more with the core than with each other. As the use of the euro and membership in the
EU is removed, the stock market comovements become reduced. Interestingly, using
a variety of statistical techniques, we find that the relative structure of comovements
across countries prior to the crisis remained relatively constant before, during, and
after the crisis. Notably,the absolute magnitude of the comovements increased during
the financial crisis but did not diminish after the crisis. These effects continued to
hold even after controlling for macroeconomic effects, Fama-French risk factors, or
market controls as in Bekaert, Ehrmann, Fratzscher and Mehl (2014).
M. A. Goldstein et al./The Financial Review 54 (2019) 5–56 7
This study contributes to two closely related strands of the literature—financial
markets comovements and financial contagion (e.g., King and Wadhwani, 1990;
Morck, Yeung and Yu, 2000; Kodres and Pritsker, 2002; Baele, 2005; Bekaert, Har-
vey and Ng, 2005; Bekaert, Hodrick and Zhang, 2009; Mendoza and Quadrini, 2010;
Christoffersen, Errunza, Jacobs and Langlois, 2012; Bekaert, Ehrmann, Fratzscher
and Mehl, 2014; Dungey and Gajurel, 2014; Caporin, Pelizzon, Ravazzolo and
Rigobon, 2018). Although Solnik (1974) suggests that international investing adds
substantial diversification benefits, more recent works by Chollete, de la Pe˜
na and
Lu (2011), Christoffersen, Errunza, Jacobs and Langlois (2012), Fern´
Montero and Orlov (2012), and others note that comovements in financial markets
notably reduce the benefits of diversification. Aloui, A¨
ıssa and Nguyen (2011) state
that “correlations of global stock returns have increased in the recent periods as a
result of increasing financial integration, leading to lower diversification benefits
especially in the longer term” (p. 130), and note that “[a] number of past studies have
reported the existence of significant linkages both between emerging and developed
markets, and among emerging markets” (p. 131, emphases added). At the same time,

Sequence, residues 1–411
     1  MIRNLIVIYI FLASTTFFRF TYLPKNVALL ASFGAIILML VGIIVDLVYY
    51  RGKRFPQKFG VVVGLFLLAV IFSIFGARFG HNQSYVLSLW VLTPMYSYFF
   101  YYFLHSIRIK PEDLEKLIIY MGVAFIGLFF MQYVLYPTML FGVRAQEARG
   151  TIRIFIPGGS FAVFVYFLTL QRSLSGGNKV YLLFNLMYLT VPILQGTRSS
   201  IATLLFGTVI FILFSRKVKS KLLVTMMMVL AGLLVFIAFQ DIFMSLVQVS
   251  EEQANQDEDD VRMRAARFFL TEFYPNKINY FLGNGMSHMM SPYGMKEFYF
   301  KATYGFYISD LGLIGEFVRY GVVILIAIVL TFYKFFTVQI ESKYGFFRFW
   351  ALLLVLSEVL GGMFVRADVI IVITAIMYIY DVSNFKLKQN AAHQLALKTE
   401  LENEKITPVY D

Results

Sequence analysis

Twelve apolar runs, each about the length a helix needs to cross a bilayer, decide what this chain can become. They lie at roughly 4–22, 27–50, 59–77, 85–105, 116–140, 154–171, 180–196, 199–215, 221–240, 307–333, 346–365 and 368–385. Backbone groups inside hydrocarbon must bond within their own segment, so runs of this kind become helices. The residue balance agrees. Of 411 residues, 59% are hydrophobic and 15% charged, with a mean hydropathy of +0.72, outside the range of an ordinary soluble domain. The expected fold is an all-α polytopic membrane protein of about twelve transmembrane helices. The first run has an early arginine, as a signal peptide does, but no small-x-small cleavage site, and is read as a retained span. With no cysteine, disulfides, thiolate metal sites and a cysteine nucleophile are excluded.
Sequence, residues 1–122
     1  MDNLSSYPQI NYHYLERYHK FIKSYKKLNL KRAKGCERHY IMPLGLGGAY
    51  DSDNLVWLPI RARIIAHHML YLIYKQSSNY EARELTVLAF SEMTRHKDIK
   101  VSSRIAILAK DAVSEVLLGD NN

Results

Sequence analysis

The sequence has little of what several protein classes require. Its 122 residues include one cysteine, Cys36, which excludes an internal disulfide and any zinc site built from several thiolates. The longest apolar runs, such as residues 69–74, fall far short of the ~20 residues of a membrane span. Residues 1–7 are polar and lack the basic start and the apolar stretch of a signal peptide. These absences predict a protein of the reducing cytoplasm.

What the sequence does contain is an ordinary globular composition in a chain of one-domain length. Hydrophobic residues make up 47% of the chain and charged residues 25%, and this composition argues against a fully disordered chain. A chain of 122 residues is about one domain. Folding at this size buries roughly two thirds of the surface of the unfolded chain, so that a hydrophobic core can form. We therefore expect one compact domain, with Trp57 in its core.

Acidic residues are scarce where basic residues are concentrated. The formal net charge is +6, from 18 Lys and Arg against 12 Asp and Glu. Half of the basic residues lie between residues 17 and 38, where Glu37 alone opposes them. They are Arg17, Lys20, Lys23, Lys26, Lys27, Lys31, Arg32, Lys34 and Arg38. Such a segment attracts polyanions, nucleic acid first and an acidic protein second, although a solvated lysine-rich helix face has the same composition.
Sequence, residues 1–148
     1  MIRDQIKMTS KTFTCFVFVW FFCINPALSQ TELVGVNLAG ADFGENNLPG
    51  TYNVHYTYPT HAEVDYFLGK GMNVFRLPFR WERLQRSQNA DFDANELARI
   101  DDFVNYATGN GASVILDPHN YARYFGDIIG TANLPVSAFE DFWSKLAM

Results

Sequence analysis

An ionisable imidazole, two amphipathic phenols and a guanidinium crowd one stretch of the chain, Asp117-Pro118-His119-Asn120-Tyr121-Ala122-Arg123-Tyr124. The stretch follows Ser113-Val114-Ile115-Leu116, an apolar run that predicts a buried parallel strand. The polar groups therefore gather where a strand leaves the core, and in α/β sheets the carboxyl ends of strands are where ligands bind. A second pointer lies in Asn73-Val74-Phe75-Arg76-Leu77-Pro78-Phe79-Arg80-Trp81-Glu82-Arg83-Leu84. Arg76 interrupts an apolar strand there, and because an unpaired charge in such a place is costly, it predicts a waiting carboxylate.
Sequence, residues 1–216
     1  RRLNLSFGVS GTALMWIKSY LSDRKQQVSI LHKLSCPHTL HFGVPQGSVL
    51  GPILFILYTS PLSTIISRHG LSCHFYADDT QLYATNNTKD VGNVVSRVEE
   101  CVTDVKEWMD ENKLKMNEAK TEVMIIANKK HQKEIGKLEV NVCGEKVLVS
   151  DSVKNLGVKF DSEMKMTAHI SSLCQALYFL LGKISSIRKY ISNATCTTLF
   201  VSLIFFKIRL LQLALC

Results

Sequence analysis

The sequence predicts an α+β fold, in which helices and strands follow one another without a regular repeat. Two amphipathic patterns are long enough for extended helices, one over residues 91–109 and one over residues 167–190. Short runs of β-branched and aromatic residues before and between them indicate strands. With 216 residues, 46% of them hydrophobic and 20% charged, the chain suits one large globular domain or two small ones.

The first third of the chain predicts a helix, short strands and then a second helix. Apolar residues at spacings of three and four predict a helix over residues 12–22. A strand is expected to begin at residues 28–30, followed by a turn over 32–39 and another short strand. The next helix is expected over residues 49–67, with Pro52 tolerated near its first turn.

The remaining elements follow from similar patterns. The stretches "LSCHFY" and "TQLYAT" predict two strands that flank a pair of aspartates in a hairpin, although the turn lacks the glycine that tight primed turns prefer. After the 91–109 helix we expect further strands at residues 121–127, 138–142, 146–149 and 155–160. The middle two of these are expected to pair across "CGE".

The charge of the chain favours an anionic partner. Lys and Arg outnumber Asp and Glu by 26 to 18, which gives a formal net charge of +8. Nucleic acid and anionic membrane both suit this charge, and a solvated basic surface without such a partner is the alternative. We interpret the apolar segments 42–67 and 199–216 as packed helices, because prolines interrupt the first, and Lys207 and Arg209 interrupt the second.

recent events tied to the global financial crisis have affected different economies to
differing degrees. These events have particularly affected highly indebted countries
such as Portugal, Ireland, Italy, Greece and Spain (PIIGS) that were at the center
of the Eurozone debt crisis, as compared with more developed economies such as
France, Germany and the UK or the non-EU countries of Switzerland, South Africa,
Japan and the United States.1
To examine these cross-country differences, we start with two core EU and
Eurozone economies—France and Germany—and expand the sample by building
concentric circles outward. We include five EU peripheral countries that adopted
the euro—PIIGS—then expand to the UK, which is part of the EU but does not
use the euro, and Switzerland, a European nation that is neither in the EU nor in
the Eurozone but share languages and is contiguous with both France and Germany.
We further expand our circle geographically to include (1) the United States, a G7
common-law country culturally similar to the UK, (2) South Africa, another common-
law country culturally similar to the UK but smaller and likewise geographically
distant, and (3) Japan, another large G7 country distant from the rest of the sample.
This set of countries differ by EU and euro adoption as well as geographically,
culturally, and by market size.2We then use multiple statistical methods—from
1All of the PIIGS economies share an important feature that separates them from countries such as France
or Germany—namely, high debt-to-gross domestic product (GDP) ratios, which manifested in domestic
macroeconomic problems and which became a concern for other European economies. The data that we
analyze support our categorization: stock market indices for Germany,France and the UK are at or above
the Eurozone index (described in detail in Section 3), whereas Italy,Spain and the other PIIGS economies
are distinctly below.
2Chui, Titman and Wei(2010) and many others examine the link between culture and international stock
market returns.